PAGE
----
Prepared Testimony for the House Energy & Commerce Committee:
Chairman Pitts, Representative Pallone the Subcommittee, thank you for inviting me to speak to you today on the critical issue of Medicare physician payment. Physicians and the health professionals who work with them are the linchpin of our health care system. The support they receive influences everything – how and how well they are able to meet patients’ needs, the quality of care, and its costs. How Medicare pays physicians has an important impact on the care that Medicare beneficiaries receive and the fiscal outlook of the Medicare program.
Unfortunately, finding a better way to both pay physicians adequately and address Medicare’s worsening fiscal outlook has been very difficult. The legislation creating the “Sustainable Growth Rate” (SGR) hasn’t solved that problem. Every year since 2002, Congress has had to provide temporary fixes to the formula. In reality, these “fixes” have meant the theoretical savings from the SGR don’t materialize, and physicians can’t reliably plan ahead or fully cover their rising practice costs, let alone make needed investments in innovative ways of delivering care that could also save money. The result is frustrating pressure on physicians to do more for patients with less, and growing difficulty for physicians in bearing the cost of all the things Medicare pays for poorly, if at all – coordinating care across the different providers who see beneficiaries, educating patients about how they can stay well or manage their health problems, delivering care in less costly settings, even spending extra time with them when they need it.
At the same time, the fiscal challenges facing the Medicare program have gotten far worse. Medicare spending already accounts for roughly 3.5 percent of GDP. If scheduled physician payment reductions continue to be overridden,and provider payments continue to grow at current rates, then Medicare expenditures could surpass 5% of GDP by 2030. Not only would this require substantial additional tax revenues; if the past is any guide, it also means that other key Federal priorities will be squeezed down.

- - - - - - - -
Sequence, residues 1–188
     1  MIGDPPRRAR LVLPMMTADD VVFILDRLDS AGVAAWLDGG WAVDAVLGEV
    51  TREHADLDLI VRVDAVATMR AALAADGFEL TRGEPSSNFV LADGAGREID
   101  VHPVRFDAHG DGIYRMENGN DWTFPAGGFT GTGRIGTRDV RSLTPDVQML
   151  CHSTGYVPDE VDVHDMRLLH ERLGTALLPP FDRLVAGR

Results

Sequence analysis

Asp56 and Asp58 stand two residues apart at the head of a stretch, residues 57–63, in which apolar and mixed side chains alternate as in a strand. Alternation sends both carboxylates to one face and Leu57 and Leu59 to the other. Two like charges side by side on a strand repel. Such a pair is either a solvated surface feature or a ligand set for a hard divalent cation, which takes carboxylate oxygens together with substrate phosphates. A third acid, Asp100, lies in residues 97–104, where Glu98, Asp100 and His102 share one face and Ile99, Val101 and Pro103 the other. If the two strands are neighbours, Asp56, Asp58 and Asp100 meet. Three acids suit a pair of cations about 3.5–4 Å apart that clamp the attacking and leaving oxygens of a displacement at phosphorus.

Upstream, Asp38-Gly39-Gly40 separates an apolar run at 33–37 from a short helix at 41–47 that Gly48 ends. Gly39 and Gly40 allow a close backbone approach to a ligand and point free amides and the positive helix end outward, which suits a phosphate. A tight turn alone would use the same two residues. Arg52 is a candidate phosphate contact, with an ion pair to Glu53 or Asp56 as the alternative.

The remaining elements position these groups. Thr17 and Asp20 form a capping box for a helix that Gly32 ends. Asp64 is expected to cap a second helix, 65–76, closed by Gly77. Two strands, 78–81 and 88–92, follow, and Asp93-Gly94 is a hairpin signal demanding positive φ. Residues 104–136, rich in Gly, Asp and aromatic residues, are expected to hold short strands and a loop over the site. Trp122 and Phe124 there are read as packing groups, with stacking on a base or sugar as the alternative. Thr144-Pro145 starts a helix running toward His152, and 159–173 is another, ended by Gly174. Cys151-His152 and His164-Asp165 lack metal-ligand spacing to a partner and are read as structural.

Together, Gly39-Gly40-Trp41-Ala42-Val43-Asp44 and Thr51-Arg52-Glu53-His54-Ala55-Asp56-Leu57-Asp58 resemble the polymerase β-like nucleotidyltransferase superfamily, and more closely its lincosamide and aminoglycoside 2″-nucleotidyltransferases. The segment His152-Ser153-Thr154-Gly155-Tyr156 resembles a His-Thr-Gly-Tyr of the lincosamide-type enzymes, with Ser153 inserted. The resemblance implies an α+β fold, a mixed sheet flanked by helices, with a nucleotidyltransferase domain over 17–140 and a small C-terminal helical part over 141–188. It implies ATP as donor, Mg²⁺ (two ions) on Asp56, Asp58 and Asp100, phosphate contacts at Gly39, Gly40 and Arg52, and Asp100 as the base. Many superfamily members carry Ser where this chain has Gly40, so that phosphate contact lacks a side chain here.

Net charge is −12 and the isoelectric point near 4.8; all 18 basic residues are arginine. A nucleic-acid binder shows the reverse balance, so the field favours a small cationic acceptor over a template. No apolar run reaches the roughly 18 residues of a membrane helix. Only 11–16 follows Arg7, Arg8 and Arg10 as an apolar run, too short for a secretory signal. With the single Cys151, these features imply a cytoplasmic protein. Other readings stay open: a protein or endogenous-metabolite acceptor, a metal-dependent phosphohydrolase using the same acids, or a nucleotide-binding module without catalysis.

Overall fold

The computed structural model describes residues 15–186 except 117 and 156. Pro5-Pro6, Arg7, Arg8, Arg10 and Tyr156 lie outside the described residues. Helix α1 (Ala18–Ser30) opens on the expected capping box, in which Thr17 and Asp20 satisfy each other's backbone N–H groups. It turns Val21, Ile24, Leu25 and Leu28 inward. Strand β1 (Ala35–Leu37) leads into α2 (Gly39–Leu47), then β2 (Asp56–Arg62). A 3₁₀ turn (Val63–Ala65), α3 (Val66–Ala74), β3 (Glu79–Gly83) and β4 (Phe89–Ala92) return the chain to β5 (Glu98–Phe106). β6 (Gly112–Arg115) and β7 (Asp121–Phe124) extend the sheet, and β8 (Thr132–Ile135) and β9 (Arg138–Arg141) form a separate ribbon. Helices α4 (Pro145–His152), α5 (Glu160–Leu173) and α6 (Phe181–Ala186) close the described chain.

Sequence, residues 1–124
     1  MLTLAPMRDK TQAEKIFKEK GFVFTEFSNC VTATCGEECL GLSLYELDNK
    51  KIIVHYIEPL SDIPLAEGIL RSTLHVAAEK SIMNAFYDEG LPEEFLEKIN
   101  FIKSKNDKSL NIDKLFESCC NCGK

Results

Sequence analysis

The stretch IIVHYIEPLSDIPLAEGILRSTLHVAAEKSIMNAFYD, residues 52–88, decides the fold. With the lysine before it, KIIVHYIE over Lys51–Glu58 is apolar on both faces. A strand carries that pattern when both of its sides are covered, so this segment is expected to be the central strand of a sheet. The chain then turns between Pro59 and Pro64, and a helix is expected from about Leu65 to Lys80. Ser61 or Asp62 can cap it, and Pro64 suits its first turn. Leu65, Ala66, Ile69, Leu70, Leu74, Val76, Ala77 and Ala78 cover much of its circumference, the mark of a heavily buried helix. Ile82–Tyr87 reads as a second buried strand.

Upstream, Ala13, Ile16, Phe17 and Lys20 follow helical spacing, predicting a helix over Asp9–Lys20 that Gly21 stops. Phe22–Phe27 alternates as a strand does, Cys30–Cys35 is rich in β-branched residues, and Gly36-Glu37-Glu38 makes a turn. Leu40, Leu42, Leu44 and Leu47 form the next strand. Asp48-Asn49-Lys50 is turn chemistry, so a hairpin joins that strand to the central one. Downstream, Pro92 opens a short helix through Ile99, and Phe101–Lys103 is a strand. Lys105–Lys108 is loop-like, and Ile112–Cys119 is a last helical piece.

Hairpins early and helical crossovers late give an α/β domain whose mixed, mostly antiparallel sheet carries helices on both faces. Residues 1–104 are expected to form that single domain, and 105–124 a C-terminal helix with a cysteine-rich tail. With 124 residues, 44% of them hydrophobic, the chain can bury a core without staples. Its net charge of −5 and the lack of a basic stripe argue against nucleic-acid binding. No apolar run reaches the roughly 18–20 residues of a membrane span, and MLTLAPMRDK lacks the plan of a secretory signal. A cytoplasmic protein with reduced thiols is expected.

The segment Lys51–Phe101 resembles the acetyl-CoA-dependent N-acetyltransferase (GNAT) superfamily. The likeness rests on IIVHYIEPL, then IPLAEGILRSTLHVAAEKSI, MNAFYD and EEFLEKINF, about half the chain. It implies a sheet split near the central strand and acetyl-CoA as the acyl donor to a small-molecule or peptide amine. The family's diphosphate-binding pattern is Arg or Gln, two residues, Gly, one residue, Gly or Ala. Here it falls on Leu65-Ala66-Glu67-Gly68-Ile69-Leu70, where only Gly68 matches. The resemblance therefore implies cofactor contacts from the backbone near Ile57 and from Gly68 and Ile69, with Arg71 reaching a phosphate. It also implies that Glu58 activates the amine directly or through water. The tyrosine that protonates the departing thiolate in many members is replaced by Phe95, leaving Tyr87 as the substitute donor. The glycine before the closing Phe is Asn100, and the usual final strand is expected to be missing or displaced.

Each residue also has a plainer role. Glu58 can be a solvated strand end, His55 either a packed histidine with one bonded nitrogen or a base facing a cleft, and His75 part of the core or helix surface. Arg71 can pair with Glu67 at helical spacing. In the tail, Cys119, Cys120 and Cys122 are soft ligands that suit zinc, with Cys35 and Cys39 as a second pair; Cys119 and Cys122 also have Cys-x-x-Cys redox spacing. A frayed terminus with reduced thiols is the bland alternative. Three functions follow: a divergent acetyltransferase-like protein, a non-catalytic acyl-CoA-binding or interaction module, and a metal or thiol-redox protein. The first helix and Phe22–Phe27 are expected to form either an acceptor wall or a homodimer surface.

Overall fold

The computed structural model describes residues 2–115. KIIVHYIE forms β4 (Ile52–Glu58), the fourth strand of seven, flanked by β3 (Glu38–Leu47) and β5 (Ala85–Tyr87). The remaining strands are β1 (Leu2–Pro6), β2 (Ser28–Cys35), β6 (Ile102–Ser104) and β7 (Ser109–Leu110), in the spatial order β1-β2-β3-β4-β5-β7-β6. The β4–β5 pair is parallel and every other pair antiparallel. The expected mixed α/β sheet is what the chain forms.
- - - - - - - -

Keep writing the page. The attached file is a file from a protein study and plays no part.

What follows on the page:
This is not a new challenge. I had the privilege of discussing this topic with the Subcommittee five years ago, when I was CMS Administrator. At that time, I said: “If we are able to design a payment system that aligns reimbursement with quality and efficiency, we can better encourage physicians to provide the type of care that is best suited for our beneficiaries: care focused on prevention and treating complications; care focused on the most effective, proven treatments available.” This solution, I testified, would be far preferable to the current physician payment system. Since then, the need for a better approach to physician payment and the ideas for implementing it has become more pressing. We are past the time when short-term “Band-aid” solutions to the SGR are adequate. We can’t afford any further delay in significant steps toward a better physician payment system in Medicare.
As Congress considers how to address the SGR problem this time around, I urge the Subcommittee to look beyond approaches that remain tied to the existing formula simply by delaying it again, or by resetting baselines to higher spending levels. Rather, this is an opportunity to provide better support to physicians who lead in improving care.
The best starting point for supporting physician leadership isn’t yet another arbitrary payment formula, but the many practical ideas already being developed and implemented by physicians and other health professionals around the country – often in spite of Medicare payment rules – to improve quality and lower cost. What we pay physicians is a relatively small part of overall health care spending. Yet physician payment can have a big impact on total health care spending. The real problem is not how much we are spending on physician payment, but whether we can support their best ideas for improving care and avoiding unnecessary complications and costs, instead of just supporting more volume and intensity.